Welcome to the Garden

Wisteria in Sissinghurst Gardens, England/Photo by UGArdener/Flickr

It would be a sad world if we forgot that wisteria was originally a living, growing being and not simply color and texture in a stained glass window.

Yet that is often how we understand the place or role of both women and the arts in the Christian church. Cut off women from being co-heirs and co-creators with men and they become merely ornamental. Force art to be only didactic and evangelizing and it becomes outdated and not particularly beautiful.

This blog, Wild Wisteria, has been created to be a place for faith, art, and equality to flourish. The writers and artists for Wild Wisteria come from a variety of Christian faith traditions, including the Eastern Orthodox, Roman Catholic, and Protestant churches ranging from Anglican to charismatic. We are women and men, aged late teens to late 50s, mostly American, mostly white, and fairly—though we are actively seeking contributor diversity. Our professions include ministry, parenting, education, medicine, service, and creative arts (which we take to be pretty much inclusive—written, visual, auditory, participatory). Some of us come to this blog with a passion for gender equality in the Church, while others find more lamentable the broken state of Christianity’s engagement with culture. A few of us are equally passionate about co-creating (Madeleine L’Engle’s term in Walking on Water) and bringing equality because of the message of Christ redeeming the world to himself. While a focus in this blog will be gender equality (known also as biblical egalitarianism or Christian feminism depending on your definition and your comfort with the term), striving for equality between races, nations, socio-economic divides will not be forgotten. But how we get to these particular passions will depend on the particular background, gifts, and talents of the specific author.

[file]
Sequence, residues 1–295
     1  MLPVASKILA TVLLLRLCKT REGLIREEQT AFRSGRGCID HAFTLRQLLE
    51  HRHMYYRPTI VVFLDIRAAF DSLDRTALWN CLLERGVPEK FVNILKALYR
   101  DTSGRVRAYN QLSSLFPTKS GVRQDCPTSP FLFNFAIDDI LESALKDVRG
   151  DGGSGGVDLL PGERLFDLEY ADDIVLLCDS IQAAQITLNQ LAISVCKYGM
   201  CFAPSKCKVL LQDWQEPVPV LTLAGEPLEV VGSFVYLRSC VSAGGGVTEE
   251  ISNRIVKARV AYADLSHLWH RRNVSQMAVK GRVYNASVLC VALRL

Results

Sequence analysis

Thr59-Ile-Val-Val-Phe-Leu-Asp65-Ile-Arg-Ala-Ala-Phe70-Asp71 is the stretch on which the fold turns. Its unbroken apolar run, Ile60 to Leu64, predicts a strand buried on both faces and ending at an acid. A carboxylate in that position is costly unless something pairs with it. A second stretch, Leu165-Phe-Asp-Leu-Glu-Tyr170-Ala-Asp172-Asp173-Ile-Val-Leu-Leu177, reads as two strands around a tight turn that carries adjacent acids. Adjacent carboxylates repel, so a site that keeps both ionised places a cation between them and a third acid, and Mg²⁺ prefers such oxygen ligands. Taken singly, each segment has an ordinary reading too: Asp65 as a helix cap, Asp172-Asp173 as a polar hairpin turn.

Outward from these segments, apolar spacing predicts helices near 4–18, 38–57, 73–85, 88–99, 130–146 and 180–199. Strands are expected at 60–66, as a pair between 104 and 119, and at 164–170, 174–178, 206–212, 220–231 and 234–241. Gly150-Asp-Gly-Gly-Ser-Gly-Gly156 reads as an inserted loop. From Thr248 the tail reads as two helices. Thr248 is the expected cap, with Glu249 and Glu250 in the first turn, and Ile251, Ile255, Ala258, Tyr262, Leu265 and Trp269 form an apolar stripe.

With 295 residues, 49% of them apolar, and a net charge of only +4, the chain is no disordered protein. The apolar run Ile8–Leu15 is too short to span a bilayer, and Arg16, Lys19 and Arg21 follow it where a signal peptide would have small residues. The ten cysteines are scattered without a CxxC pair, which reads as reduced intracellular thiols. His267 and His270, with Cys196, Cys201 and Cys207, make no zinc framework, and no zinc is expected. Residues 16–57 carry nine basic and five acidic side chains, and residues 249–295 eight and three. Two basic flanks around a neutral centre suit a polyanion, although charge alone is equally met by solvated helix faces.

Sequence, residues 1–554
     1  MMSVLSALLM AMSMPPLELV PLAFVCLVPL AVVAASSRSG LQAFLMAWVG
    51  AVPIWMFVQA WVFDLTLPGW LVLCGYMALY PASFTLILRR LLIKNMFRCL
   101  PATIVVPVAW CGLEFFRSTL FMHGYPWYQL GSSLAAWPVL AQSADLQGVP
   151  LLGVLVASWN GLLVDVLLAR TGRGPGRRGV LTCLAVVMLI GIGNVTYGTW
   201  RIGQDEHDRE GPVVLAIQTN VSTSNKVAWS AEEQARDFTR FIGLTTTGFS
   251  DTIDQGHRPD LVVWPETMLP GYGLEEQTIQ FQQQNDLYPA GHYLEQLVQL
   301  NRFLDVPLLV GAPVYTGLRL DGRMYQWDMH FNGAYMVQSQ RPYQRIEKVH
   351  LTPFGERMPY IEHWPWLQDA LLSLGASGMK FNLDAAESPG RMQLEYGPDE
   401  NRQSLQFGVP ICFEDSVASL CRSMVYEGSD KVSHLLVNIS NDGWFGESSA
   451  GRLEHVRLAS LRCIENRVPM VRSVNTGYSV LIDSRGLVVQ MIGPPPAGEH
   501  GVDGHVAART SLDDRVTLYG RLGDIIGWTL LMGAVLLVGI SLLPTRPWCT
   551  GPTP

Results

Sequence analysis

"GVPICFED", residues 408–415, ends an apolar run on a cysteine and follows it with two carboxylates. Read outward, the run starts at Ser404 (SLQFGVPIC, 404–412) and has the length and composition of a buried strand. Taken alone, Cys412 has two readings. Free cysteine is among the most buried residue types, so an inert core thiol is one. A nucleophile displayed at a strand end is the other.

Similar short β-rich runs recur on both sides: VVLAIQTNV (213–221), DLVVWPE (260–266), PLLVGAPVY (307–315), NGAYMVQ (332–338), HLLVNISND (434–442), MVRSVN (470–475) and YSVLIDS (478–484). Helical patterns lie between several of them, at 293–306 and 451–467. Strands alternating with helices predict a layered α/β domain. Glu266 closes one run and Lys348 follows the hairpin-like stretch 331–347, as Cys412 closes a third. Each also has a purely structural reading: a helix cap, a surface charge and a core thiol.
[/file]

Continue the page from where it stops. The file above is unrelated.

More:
"Portrait of Woman in a Pergola with Wisteria", ca. 1915 - Tiffany Studios, Chrysler Museum/Photo by Allen Brewer

The Louis Tiffany stained glass triptych provides a nice image for what Wild Wisteria endeavors to do.


If I were only a theologian, I might discuss the significance of the personification of Wisdom as a woman in the Proverbs. Or how much fruit flourishes if we are connected to the vine, who is Christ. Or how, like a flowering plant, Christians are the aroma of Christ. If I were a visual artist, I might focus on the techniques of color, design, and perhaps how Tiffany made stained glass. If I were a professor, I might teach students how to sketch the window. If I were a historian, I might lecture on the historical woman the glass likely depicts (her name is Nellie Virginia Sands De Lamar). If I were a social reformer, I might question money being spent on decorative windows when millions of people do not have access to safe housing.

If I were a fiction writer, I might base an entire character just on the woman portrayed in this image. If I were a feminist scholar, I might ask why her garment focuses our gaze on her chest or why images of beauty are so often young, rich, and white. If I were a prophet, I might remind us like other voices in the wilderness, that the window, while lovely in and of itself, is also a remembrance of a better reality when we will see Loveliness face to face.

And the beauty is that all of those perspectives can deepen the lens from which each of us views the woman with wisteria. We hope you find Wild Wisteria a nurturing space where you can experience community with like-minded women and men, learn from others’ passions and talents, and grow in faith, hope, and love for creation—everything from your quirky sister to your child’s first art project, and most important, love for our creator and redeemer God.

Wild Wisteria is a collaborative project, edited by Emily Zimbrick-Rogers.

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